The accuracy of the Hodkinson Abbreviated Mental Test Score (AMTS) as a screening instrument for dementia has been investigated in an Italian population. The AMTS was administered by nonmedical personnel to a random sample of 109 subjects over the age of 59; each subject was evaluated by a standardized dementia protocol (DSM-III criteria); and scores on the AMTS were compared to corresponding clinical diagnoses (standard for comparison). Five of the 109 subjects were found to be affected by dementia upon clinical investigation. Although a score of 6 showed the best combination of sensitivity (80%) and specificity (89%), only a score of 7 yielded 100% sensitivity (71% specificity). At all screening levels, specificity was higher for males vs. females, for younger vs. older, and for more educated vs. less educated subjects. The results suggest that brief cognitive tests may be successfully used in population screening for dementia, and that tests not requiring reading, writing or drawing, and not strictly dependent on the education level, are preferable; however, the instruments should be adapted and validated in the target population.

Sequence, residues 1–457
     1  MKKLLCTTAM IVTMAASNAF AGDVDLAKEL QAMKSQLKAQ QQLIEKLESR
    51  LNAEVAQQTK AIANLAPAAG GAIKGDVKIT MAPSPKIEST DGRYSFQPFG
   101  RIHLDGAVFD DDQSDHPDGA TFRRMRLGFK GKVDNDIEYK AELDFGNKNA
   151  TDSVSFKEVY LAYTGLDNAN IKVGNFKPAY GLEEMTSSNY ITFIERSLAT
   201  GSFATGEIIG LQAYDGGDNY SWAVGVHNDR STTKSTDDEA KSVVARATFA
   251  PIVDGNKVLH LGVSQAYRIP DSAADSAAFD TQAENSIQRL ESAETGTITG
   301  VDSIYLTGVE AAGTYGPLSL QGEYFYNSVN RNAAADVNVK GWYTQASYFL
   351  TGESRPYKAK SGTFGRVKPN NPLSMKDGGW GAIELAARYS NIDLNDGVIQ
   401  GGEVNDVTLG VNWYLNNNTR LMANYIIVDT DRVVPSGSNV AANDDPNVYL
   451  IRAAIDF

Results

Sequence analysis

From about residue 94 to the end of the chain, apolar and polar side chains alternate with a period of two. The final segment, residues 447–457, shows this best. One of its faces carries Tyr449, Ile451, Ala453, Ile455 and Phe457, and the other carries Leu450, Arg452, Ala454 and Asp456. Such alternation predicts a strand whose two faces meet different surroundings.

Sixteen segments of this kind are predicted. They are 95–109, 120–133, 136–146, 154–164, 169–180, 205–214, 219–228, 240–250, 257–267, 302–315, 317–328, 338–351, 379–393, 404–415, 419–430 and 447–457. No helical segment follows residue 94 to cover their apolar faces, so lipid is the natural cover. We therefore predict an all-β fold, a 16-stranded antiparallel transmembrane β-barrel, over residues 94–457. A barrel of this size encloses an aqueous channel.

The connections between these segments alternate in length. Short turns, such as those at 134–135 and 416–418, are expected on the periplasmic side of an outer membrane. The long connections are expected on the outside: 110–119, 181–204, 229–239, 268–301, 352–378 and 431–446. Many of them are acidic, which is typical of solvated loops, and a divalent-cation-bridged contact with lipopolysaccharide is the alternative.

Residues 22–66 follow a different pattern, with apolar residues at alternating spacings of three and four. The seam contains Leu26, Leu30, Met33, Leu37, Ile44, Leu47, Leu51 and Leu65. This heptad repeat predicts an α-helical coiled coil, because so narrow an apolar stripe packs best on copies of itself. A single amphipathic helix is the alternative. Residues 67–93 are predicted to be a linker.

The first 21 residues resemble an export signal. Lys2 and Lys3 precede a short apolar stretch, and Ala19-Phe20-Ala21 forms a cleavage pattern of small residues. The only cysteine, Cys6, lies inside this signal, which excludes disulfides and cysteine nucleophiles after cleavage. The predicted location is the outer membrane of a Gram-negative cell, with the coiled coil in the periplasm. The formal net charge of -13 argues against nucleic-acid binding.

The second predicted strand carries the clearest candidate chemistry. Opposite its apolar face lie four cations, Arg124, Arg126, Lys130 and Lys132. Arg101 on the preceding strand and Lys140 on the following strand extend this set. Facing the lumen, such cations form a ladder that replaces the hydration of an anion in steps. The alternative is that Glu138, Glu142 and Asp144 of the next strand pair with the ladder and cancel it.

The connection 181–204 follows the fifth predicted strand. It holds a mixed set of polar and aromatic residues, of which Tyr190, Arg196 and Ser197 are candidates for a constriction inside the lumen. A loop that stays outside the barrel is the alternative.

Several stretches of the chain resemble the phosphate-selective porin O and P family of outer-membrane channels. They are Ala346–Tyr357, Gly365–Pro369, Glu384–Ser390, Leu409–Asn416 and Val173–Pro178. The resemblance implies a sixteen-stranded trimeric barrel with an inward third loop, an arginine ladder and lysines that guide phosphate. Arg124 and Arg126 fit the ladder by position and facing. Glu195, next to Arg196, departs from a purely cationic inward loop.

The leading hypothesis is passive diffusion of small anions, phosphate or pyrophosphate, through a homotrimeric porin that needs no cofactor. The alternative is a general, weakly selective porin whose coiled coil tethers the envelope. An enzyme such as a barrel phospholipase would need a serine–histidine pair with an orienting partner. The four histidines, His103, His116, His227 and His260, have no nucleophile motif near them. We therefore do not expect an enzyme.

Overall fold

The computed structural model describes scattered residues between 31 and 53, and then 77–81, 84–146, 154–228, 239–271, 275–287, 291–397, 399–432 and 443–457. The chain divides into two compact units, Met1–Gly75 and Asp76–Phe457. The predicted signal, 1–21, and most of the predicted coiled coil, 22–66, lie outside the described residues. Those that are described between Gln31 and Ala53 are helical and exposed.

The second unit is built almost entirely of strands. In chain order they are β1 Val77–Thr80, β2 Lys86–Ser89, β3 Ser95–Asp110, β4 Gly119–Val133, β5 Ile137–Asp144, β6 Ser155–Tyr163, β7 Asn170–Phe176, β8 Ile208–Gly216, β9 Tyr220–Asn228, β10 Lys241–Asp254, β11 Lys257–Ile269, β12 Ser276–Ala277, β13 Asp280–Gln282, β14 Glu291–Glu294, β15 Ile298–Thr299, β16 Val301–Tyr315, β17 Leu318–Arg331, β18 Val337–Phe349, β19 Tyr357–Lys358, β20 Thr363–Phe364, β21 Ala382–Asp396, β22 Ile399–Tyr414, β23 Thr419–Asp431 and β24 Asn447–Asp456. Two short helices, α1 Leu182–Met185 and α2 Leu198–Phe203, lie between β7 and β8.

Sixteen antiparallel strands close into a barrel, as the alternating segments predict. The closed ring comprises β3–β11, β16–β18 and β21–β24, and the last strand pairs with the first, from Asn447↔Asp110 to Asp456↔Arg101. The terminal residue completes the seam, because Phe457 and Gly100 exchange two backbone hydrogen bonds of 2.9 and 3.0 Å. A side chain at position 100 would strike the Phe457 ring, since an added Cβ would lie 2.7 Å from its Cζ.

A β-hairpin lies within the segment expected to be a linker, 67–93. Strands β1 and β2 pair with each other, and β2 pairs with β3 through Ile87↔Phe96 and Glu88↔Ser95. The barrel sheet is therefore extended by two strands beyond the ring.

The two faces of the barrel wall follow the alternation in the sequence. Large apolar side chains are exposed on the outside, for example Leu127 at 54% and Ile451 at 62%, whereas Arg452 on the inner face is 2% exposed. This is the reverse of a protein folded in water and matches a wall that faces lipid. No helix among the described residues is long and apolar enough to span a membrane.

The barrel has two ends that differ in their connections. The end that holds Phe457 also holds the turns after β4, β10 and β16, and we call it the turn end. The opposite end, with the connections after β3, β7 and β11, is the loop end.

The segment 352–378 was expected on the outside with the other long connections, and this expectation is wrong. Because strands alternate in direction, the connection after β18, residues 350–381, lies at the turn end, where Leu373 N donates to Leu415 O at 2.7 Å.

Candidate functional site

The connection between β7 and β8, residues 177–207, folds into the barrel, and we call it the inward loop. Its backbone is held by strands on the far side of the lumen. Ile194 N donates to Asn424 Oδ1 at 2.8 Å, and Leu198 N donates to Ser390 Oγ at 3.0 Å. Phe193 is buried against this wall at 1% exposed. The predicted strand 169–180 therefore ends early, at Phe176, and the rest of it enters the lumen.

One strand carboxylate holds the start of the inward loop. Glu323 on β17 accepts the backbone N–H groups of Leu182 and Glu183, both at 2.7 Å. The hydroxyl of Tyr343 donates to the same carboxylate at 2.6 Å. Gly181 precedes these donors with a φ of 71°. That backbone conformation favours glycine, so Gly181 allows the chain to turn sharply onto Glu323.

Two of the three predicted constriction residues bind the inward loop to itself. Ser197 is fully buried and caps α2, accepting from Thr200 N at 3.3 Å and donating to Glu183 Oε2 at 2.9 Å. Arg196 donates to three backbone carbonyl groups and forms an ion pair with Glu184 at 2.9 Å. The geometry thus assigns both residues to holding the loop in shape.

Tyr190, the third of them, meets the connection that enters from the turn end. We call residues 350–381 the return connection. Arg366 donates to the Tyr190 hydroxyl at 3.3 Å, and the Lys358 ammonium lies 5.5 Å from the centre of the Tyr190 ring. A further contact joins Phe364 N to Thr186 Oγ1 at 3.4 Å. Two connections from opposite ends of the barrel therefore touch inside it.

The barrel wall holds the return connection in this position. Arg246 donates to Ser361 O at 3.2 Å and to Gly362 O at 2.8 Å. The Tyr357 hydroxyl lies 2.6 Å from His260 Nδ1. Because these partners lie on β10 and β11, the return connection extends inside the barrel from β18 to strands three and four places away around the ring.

- Abbreviated Mental Test Score (AMTS)
- mass screening
ASJC Scopus subject areas
- Health(social science)
- Geriatrics and Gerontology